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Yet, if he seldom rcaches supreme excellence, he rarely sinks into dull ness, and is still more rarely entangled in absurdity. He did not trust his powers enough to be negligent. There is in most of his compositions a calmness and equability, deliberate and cautious, sometimes with little that delights, buț seldom with any thing that offends.

Of this kind seem to be his poems to Dryden, to Sommers, and to the King. His ode on St. Cecilia has been imitațed by Pope, and has something in it of Dryden's vigour. Of his Account of the English Poets, he used to speak as a poor ting* ;" but it is not worse than his usual strain. He has said, not very judiciously, in his character of Waller,

Thy verse coạld shew ev’n Cromwell's innocence,,
And compliment the storms that bore him hence.
O! had thy Muse not come an age too soon,
But seen great Nassąu on the British throne,

How had his triumph glitter'd in thy page What is this but to say, that he who could compliment Cromwell had been the proper poet for king William? Addison, however, never printed the piece.

The Letter from Italy has been always praised, but has never been praised beyond its merit. It is more correct, with less appearance of labour, and more elegant, with less ambition of ornament, than any other of his poems. There is, however, one broken metaphor, of which netice may properly be taken:

Fir'd with that name
I bridie in my struggling Muse with pain,

That longs to launch into a nobler strain. To bridle a goddess is no very delicate idea ; but why must she be bridled 12 because she longs to launch ; an act which was never hindered by a bridle : and whither will she launch? into à nobler strain. She is in the first line a horse, in the second a boat ; and the care of the poet is to keep his horse or his boat from singing.

The next composition is the far-çamed Campaign, which Dr. Warton has termed a “ Gazette in Rhyme," with harshness not often used by the goodnature of his criticism. Before a censure so severe is admitted, let us consider that War is a frequent subject of Poetry, and then enquire who has described it with more justness and force. Many of our own writers tried their powers upon this year of victory : yet Addison's is confessedly the best performance; his poem is the work of a mani not blinded by the dust of learning; his images are not borrowed merely from books. The superiority which he confers upon his hero is not personal prowess, and "mighty bone," * Spence:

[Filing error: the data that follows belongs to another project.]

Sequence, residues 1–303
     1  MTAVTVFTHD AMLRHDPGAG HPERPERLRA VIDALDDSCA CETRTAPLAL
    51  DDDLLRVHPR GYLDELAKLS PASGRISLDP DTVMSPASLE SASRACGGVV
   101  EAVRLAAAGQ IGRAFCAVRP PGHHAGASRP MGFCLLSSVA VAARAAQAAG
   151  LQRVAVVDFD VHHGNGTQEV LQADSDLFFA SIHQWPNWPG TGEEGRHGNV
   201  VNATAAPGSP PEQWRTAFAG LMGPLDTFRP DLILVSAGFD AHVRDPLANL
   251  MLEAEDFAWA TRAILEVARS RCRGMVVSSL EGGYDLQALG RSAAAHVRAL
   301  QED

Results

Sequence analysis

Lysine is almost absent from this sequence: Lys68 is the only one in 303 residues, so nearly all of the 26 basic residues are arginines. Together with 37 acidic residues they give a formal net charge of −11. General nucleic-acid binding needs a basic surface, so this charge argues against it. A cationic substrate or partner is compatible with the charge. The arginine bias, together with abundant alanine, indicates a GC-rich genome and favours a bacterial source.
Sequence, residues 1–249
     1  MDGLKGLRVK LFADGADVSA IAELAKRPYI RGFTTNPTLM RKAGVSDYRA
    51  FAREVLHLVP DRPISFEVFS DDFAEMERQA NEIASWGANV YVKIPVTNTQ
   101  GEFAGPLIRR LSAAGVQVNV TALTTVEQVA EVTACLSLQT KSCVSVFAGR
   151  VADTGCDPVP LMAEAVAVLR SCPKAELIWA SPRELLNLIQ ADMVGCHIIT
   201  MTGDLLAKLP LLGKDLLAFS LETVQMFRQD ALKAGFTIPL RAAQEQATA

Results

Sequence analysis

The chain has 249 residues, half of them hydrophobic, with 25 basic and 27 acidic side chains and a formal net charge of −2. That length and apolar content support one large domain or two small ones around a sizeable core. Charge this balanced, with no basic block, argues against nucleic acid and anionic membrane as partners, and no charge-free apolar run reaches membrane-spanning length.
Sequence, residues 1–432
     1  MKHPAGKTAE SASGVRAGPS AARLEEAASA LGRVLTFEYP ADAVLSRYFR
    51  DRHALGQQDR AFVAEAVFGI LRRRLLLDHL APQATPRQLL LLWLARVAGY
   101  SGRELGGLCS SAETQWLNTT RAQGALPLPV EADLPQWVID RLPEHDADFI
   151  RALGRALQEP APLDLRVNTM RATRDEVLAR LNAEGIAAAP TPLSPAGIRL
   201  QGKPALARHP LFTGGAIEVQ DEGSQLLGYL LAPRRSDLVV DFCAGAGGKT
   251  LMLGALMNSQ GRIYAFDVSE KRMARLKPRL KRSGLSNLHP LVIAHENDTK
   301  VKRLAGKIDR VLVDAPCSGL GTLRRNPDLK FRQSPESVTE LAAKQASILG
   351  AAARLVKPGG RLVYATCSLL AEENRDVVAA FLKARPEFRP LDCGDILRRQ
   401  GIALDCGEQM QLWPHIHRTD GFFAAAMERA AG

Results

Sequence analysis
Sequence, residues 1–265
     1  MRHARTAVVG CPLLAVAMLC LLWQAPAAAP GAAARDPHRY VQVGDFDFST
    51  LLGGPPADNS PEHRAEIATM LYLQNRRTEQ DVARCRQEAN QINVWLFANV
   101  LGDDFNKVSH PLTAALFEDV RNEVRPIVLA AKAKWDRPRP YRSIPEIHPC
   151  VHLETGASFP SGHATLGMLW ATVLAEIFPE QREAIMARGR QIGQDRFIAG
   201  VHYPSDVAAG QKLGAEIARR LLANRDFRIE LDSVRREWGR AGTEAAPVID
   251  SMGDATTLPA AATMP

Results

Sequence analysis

but but deliberate intrepidity, a calm command of his passions, and the power of consulting his own mind in the midst of danger. The rejection and contempt of fiction is rational and manly.

I: may be observed that the last line is imitated by Pope;

Marlb'rough's exploits appear divinely bright
Rais’d of themselves their genuine charms they boast,
And those, that paint them truest, praise chest inost.

This Pope bad in his thoughts ; but, not knowing how to use what was not his own, he spoiled the thought when he had borrowed it:

The well-sung woes shall soothe my ghost;
He best cap painy them who shall feel them mosta

Martial exploits may be painted ; perhaps woes may be painted : but they are surely not painted by being zuell-sung; it is pot easy to paint in song, or to sing in colours